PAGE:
Now this is an interesting question that is fairly common amongst new comers to training. How long should I train for? Sadly this question has a variety of answers, it’s all about your goals!! So depending on what you want from your training (and level of training experience), or even rehab, will dictate training time. But sadly we also have these things called jobs and lifestyle commitments, which get in the way of our training, our job structure has a big say of when and where you train.
So back to the answer, it depends on your goal. Below we have taken a few generic gym goals, and drawn up how long we would suggest a session should be.
Maybe the most common of gym goals in the public. We would recommend an hour for people trying to lose weight (specifically fat), an hour is appropriate as you can spend…
5 minutes warm up
5/10 minutes of mobilising joints
25 minutes of strength/resistance training
15 minutes of HIIT (High Intensity Interval Training)
5 minutes cool down
This way you can incorporate an element of resistance training, HIIT and mobilising into your session, including a warm up and cool down. This way you cover all bases at a high intensity enough to burn large amount of calories! This is all very structured, but there is wiggle room with regards breakdown of timings, for example someone who has higher levels of cardio vascular fitness may consider a longer amount of time doing HIIT. However when you train you must do it with intensity and determination to get through enough work in the hour to make a difference to your lifestyle!
This is a slightly more specific goal, hypertrophy is the process of muscle growth. It is a common phrase in fitness – targeting putting on lean muscle tissue. This can be tailored for either experienced or less experienced athletes depending where they are with their training. Sessions are often focused on just one or two body parts to get the best results. These sessions are designed to be short rest periods to increase intensity and taxation on the muscles to enhance as much growth as possible:
On average a session should be 40-50 minutes long. This allows:
5 minute warm up and mobility (depending on muscle group targeted in session)
Followed by 16/20 sets of exercise (each set lasting 60 seconds)
45 seconds rest between sets
5 minute cool down/mobility work
To increase the intensity in the sessions, you can either reduce the rest time in between the sets, increase the weight of each working set or slow down the tempo that you are moving at. We wouldn’t recommend trying to add more and more sets, as we believe around 16/20 sets is enough volume for your muscle group to produce muscle growth. Just remember to emphasise the eccentric (lowering phase) of the movement to encourage as much hypertrophy as possible.
This is another very specific form of training, this is usually found in athletes who need as much strength as possible (rugby, wrestling, combat sports) or professional lifters (strongman, power lifter, Olympic lifter). These sessions are very different to the sessions above, because of the max effort needed in each lift, the rest time in between sets can be 2/3 minutes at a time. The sets are usually lower reps but more sets. This can make sessions up to 2 hours (depending on the amount of accessory exercises done after).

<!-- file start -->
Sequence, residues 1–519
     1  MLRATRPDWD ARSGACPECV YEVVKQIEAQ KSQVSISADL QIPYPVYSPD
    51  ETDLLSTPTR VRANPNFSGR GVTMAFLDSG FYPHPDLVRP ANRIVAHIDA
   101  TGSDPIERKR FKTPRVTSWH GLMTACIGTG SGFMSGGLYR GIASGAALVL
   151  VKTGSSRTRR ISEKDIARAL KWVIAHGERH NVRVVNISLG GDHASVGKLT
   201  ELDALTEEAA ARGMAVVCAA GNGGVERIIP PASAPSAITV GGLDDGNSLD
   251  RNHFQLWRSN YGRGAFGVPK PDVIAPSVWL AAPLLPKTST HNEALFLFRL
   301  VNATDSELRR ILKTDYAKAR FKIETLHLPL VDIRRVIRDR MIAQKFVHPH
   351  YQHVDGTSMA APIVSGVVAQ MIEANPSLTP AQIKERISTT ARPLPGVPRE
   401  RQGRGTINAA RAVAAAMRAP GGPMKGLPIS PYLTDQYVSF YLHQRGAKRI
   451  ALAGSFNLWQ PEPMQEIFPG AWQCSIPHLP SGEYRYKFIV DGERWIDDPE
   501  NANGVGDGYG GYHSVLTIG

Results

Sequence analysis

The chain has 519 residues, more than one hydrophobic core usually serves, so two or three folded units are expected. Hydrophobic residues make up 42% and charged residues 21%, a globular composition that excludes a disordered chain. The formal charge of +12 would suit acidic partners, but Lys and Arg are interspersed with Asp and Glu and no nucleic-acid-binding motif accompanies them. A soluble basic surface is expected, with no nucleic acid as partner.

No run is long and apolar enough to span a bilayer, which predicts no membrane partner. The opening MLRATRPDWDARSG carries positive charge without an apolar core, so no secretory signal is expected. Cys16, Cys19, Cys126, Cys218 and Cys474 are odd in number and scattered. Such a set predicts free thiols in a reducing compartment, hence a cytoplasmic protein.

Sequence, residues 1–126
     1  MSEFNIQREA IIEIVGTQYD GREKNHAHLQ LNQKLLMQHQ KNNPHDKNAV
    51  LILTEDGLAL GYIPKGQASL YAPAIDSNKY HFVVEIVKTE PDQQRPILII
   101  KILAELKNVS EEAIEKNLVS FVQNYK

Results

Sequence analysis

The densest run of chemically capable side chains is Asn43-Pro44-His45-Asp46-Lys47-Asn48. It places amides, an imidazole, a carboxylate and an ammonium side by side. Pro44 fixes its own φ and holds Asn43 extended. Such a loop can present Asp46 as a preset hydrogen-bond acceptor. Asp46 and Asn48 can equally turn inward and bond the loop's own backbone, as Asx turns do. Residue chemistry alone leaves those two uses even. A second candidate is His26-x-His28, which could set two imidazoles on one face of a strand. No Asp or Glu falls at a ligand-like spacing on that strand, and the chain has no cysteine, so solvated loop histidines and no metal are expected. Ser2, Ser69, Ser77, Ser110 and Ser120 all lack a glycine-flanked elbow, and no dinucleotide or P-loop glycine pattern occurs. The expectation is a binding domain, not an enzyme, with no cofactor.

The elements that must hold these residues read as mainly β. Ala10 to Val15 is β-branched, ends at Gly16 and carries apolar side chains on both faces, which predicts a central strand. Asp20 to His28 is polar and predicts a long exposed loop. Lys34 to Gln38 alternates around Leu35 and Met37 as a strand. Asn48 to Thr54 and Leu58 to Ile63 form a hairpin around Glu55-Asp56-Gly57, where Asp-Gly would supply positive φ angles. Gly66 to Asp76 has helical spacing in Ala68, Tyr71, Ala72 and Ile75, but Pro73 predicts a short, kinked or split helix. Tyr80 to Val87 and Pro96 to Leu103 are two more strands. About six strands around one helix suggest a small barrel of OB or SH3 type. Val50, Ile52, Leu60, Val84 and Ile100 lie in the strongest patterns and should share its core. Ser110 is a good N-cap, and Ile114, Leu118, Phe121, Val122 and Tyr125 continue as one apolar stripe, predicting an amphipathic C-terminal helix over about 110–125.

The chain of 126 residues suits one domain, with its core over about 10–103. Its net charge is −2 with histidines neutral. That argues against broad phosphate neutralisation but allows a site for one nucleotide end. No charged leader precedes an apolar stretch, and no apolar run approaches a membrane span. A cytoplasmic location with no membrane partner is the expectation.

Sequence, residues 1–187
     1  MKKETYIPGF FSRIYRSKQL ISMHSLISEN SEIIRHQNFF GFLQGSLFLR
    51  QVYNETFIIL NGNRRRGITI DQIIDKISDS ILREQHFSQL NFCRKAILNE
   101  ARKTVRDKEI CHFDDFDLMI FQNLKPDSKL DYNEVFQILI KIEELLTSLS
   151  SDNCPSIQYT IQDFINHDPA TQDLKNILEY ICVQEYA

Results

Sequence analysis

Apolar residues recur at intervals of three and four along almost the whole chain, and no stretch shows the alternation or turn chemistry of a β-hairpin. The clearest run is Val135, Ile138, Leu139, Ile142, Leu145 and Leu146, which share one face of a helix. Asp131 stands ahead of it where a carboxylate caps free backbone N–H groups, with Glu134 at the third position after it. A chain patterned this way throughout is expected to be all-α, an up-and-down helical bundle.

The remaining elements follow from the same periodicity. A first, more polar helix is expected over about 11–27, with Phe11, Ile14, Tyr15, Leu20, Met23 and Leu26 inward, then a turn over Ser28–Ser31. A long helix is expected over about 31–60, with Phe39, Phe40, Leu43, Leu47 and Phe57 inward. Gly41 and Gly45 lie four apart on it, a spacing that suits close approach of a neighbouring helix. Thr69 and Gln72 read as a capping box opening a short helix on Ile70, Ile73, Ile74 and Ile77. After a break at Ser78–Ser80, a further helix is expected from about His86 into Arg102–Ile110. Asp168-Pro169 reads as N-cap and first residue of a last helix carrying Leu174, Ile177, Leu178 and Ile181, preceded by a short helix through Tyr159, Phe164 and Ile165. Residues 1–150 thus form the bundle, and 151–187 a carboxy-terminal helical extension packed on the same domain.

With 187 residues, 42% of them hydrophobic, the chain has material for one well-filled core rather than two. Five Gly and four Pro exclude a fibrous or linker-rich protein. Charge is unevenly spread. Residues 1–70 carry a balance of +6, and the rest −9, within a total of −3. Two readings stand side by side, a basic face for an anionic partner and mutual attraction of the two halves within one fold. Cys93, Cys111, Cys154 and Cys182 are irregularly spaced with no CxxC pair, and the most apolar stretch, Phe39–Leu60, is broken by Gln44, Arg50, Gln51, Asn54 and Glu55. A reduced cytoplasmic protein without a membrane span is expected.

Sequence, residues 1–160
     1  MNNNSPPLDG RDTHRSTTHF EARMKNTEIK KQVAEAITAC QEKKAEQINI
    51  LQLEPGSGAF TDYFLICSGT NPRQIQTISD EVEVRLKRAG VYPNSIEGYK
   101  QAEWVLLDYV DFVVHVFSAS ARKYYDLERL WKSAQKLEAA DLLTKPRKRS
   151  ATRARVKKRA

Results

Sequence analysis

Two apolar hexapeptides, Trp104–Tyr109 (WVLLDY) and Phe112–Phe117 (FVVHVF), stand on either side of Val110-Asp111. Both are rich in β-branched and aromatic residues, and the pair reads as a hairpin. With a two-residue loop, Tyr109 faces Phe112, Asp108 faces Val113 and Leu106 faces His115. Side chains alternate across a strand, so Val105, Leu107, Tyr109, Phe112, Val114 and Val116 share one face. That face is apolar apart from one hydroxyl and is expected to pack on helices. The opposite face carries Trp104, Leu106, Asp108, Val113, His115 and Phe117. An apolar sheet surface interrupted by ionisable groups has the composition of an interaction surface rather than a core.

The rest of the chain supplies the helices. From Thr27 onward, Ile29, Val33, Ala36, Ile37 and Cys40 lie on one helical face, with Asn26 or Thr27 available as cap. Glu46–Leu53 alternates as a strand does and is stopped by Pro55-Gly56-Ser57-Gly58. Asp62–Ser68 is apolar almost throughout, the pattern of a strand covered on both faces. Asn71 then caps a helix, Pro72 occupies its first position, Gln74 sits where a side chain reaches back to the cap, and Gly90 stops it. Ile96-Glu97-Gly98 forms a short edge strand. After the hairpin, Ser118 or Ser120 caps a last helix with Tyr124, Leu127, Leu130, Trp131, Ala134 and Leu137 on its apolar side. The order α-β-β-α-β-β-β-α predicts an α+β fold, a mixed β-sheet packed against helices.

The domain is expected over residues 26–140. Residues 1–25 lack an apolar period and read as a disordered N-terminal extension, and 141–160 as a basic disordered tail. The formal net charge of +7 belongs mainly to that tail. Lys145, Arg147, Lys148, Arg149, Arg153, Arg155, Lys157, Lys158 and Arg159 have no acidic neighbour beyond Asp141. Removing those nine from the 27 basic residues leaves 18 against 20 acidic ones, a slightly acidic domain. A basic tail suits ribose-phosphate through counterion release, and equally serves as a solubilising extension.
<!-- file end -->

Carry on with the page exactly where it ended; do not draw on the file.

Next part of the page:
10-15 minute warm up and mobilising
70 minutes of weight training
10 minute circuits (not necessary depending on specificity)
10 minute cool down
When performing strength training, we suggest that you do not combine more than two compound lifts in each session. Compound lifts are not just fatiguing for the muscle tissue, but they also fatigue the CNS (central nervous system) alongside joint wear and tear. Following the compound lifts, the rest of the weight training should be spent doing accessory movements. Accessory movements tend to be single joint movements which are far less taxing on the CNS. With strength training we would suggest getting a professional to design a program for you rather than using a stock workout from the internet.
SPORTS SPECIFIC TRAINING:
This, like strength training, is a very individualised part of training. This is designed for sportsmen and women trying to enhance their athletic performance to the next level. It depends on your sport what exercises will be in the gym but they must be transferable! The amount of athletic exercises you see on social media which have no correlation to the chosen sport is increasing rapidly. So whatever exercise you complete here, make sure it can transfer. But a session which is designed to improve your sport or specific area/skill in your sport, should realistically be 30/45mins max!
10 minutes warm up (specific to your sport)
20 minutes of specific sport training – to enhance performance
10 minutes of specific sport skill – check for transfer
We would recommend keeping these sessions lower impact as possible. If you are training for sport, doing too much high volume sports work combined with weight training will have a negative effect on your performance – eventually causing injury or potential burn out. A lot of athletes need to produce maximum power in a short amount of time so expect high levels of intensity with each movement.
So with regards to training, there is no optimal one size fits all for types of training, it depends on your goals! So link back to your own personal goals, do you want any of the goals above? If so, then hopefully you can use these guidelines above to help shape your training to get the best results possible. So next time you are on your way to the gym, think to yourself, is my session planned? How long will it be? And does it correlate to my goals? If so, you are already on your path to progress. Albeit if you are working with a personal trainer, it will be more than likely your session will be an hour long.